Is Your Kid 'Gifted'? It Might Depend on His Race

Is Your Kid 'Gifted'? It Might Depend on His Race
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Why you should care

Because “gifted” can be a loaded word.

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Any parent would feel a surge of pride when their child is referred to gifted education — and, understandably, concern over a referral to special education. But when it comes to a teacher’s referral of a student to educational programs, it’s not just learning abilities that play a role in the decision process. Recent research has found that

Race can affect who is referred to gifted programs — and to special education.

Rachel Fish, an assistant professor of special education at NYU, assigned 70 third-grade teachers to read case studies of fictional male elementary school students and make recommendations. In each case study, certain characteristics of the student were altered, including race and ethnicity (conveyed by his name, such as “Carlos,” to indicate a Latino student), and whether he was learning English. Also altered: factors hinting at his suitability as a candidate for gifted or special education — academic challenges, meant to suggest a learning disability; behavioral challenges, suggesting an emotional disorder; or academic strengths coupled with emotional sensitivity, a possible sign of giftedness. Teachers rated how likely they were to refer each student for gifted and special education testing. The finding?

It turns out white boys were more likely referred to special education when they showed academic challenges and Black and Latino boys were more likely referred when they showed behavioral challenges. Teachers were also more likely to refer white boys with high academic performance and emotional sensitivity to gifted education than their Black and Latino counterparts.

These disparities might stem from differences in expectations based on race. Teachers might view white students who struggle with academics as performing below their true abilities, but expect poor academic performance from others. And Black or Latino boys might be flagged for special education testing because behavioral challenges in students of color might be seen as more problematic and aggressive. When emotionally sensitive white boys with high academic performance are more likely referred for gifted testing, this suggests that teachers might have lower expectations for giftedness in students of color.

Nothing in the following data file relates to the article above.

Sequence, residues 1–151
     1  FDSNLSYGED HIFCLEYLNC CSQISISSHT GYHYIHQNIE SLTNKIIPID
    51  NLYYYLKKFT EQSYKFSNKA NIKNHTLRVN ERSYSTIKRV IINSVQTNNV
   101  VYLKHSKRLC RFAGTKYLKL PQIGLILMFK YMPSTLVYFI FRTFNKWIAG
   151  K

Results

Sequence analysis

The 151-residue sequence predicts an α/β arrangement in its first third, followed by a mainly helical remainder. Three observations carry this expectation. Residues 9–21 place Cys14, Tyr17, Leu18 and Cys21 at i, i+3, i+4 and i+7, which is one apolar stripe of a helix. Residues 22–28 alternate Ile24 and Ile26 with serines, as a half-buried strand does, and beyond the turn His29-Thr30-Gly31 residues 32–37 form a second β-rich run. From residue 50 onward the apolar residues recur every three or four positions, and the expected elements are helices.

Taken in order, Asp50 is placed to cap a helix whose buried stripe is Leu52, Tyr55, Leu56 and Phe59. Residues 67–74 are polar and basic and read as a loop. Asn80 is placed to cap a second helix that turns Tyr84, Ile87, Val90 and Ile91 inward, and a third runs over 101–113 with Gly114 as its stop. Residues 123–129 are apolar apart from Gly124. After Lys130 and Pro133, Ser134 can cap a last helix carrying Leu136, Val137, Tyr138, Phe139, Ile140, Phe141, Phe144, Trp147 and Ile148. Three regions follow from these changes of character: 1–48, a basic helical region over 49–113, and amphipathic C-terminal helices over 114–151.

To be sure, the reasons why a teacher might refer one student over another “is very speculative,” Fish says. It’s possible the teachers used race to gauge whether the student’s school even has the capacity to enroll him in special education, points out George Farkas, a professor at the School of Education at University of California, Irvine. Schools that serve high numbers of students of color typically also have low performance, which might also mean that they have more students who need special education services — more than they can accept. A teacher at a poor school who reads about a Black student with academic challenges might think he “doesn’t look bad enough” to warrant a referral to a most likely oversubscribed special education program, Farkas notes. But earlier research has shown that teachers do perceive students’ academic abilities and behavior differently depending on students’ race — although that doesn’t necessarily mean teachers are more prone to racism. The study simply captures the bias that exists throughout society, she says.

This bias could also influence day-to-day decisions beyond referrals for education testing — like whether to send students to detention or encourage them to pursue college. Which could, in turn, “have a long-term effect on how the student sees themselves as able to achieve at a higher level and what curriculum is exposed to them,” Fish says. Yet research reveals that teachers often “see themselves as color-blind”; they want all their students treated equally.

The good news is, there’s evidence that training and awareness can help. “We need to work together with other teachers to push each other and think through these perceptions and get to know their students’ families and communities better,” Fish says. “We need to help teachers investigate their own biases.”

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